developed. Digitized 3D machined rough surfaces are adopted, film and boundary lubrication regimes.

representing three types of major roughness orientations: longi-

tudinal, transverse, and isotropic. Four types of contact geome-

try, including the line contact and the point contacts of three Acknowledgment

different ellipticity ratios, k ¼ 2, 1, and 1/2, are analyzed at the The present study was partially supported by NSFC (National

same maximum Hertzian pressure, and the rolling speed range is Science Foundation of China) Project 50735008 and 51175521.

greatly extended in order to study the frictional behavior during The supports from the School of Aeronautics and Astronautics at

the entire transition from the boundary, mixed, up to the full- Sichuan University, China, and State Key Laboratory of Mechani-

film EHL. The corresponding k ratio spans a wide range from cal Transmission at Chongqing University (0301002109162),

75 to 90 or so down to about 0.0008. Based on the obtained nu- China, and the Center for Surface Engineering and Tribology at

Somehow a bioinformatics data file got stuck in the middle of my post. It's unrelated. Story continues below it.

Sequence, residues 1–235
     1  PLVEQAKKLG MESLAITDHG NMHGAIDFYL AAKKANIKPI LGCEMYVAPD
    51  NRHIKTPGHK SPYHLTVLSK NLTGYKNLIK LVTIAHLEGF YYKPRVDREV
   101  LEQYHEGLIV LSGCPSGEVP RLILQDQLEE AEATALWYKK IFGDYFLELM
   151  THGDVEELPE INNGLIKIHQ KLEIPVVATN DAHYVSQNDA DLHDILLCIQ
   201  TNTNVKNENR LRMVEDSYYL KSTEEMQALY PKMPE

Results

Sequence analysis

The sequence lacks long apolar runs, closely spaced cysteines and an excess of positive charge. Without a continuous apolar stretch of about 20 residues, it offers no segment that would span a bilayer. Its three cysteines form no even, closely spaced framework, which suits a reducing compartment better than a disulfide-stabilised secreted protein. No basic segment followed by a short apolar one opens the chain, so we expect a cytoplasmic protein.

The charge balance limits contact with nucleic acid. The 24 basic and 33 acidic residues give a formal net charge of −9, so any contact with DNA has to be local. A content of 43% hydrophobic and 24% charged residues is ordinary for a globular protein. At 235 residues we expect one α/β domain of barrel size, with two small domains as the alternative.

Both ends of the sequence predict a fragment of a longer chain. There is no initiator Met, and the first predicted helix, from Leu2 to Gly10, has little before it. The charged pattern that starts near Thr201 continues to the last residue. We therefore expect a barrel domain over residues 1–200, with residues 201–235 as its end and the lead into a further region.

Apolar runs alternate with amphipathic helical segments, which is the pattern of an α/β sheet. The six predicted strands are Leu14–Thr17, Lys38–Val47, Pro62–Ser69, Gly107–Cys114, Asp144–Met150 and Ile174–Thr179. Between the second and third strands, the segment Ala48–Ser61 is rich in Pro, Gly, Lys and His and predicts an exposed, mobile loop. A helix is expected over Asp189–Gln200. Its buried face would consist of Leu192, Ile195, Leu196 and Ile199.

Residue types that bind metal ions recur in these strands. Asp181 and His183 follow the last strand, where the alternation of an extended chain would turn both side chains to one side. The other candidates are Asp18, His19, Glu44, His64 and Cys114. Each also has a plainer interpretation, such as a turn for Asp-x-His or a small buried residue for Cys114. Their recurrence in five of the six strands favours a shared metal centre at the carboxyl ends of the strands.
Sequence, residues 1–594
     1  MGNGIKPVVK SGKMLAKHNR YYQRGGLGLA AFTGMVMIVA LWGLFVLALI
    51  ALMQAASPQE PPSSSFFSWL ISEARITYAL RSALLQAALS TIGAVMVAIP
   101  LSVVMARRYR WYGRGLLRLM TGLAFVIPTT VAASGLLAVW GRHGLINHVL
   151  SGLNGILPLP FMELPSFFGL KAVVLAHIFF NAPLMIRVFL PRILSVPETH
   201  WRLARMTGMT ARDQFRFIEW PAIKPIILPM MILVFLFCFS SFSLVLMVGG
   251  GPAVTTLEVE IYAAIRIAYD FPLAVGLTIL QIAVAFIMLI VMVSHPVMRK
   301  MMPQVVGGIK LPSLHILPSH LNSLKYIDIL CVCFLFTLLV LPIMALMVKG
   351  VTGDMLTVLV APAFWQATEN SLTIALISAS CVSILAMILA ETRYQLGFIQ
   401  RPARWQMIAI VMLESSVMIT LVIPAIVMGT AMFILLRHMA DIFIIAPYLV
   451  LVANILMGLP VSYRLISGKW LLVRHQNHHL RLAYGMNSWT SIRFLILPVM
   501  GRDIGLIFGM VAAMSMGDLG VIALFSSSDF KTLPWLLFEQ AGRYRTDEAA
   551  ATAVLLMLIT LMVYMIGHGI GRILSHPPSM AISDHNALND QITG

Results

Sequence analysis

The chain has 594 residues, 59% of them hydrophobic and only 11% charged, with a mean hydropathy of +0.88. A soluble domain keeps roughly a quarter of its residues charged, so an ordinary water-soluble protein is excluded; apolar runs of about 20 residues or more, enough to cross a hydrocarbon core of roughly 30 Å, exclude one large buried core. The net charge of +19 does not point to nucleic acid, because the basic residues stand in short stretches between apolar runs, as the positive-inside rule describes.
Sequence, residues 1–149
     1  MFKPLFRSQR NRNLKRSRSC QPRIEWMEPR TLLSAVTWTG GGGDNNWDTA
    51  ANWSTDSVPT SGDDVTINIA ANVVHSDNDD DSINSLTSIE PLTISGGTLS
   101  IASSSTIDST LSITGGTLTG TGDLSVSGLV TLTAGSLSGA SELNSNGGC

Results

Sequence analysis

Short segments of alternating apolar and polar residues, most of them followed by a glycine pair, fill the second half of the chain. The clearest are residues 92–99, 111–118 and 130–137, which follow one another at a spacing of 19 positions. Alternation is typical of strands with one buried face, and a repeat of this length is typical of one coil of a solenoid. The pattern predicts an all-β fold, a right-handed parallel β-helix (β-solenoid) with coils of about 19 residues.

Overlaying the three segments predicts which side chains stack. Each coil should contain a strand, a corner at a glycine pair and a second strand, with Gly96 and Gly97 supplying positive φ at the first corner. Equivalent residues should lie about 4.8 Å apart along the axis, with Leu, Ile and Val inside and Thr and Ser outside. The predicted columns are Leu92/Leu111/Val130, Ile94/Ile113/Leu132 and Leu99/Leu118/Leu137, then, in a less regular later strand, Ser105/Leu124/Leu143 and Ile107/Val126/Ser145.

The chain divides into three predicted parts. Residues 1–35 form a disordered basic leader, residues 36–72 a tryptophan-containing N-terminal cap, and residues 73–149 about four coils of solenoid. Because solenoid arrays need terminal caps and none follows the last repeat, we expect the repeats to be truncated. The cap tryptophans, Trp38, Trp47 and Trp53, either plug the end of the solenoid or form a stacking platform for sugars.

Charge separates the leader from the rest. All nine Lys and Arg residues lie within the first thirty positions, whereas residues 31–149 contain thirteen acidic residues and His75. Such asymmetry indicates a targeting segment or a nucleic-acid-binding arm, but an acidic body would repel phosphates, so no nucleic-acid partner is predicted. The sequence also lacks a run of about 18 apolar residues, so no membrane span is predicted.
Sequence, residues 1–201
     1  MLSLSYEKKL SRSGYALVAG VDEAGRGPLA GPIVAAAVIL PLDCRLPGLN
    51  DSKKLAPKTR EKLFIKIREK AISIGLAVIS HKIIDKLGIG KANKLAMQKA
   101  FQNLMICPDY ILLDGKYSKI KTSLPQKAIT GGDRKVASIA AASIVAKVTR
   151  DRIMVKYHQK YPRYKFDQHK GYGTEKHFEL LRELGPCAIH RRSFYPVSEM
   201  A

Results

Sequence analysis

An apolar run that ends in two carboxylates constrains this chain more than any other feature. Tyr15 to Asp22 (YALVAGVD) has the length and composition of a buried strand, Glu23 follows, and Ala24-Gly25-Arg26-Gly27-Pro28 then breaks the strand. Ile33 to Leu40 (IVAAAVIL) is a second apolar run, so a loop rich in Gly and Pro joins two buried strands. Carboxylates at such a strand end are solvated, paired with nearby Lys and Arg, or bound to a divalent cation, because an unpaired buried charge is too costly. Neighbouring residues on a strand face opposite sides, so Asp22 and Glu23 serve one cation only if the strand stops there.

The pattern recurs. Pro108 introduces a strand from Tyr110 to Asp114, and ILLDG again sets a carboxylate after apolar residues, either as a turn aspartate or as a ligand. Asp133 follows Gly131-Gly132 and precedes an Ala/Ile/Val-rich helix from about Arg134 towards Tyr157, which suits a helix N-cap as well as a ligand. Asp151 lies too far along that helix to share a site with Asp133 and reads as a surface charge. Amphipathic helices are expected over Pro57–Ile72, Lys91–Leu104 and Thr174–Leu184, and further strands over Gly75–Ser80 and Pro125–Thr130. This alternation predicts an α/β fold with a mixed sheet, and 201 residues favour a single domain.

merical simulation results, the following conclusions can be Northwestern University, are also acknowledged.

drawn:

(1) The deterministic mixed EHL model can be used to evaluate

the interfacial friction characteristics for various types of rough Nomenclature

surface in concentrated contacts and generate complete Stribeck a ¼ semi-axis of Hertzian contact ellipse in rolling direction,

curves in an extremely wide range of operating conditions. or radius of Hertzian contact circle, or half-width of

(2) The friction coefficient continuously decreases as the speed Hertzian zone for a line contact